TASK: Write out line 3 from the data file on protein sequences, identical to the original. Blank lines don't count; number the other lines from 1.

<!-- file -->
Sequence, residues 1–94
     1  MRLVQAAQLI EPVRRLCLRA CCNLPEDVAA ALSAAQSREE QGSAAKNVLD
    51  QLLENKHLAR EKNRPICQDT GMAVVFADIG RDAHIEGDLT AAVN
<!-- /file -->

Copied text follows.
    51  QLLENKHLAR EKNRPICQDT GMAVVFADIG RDAHIEGDLT AAVN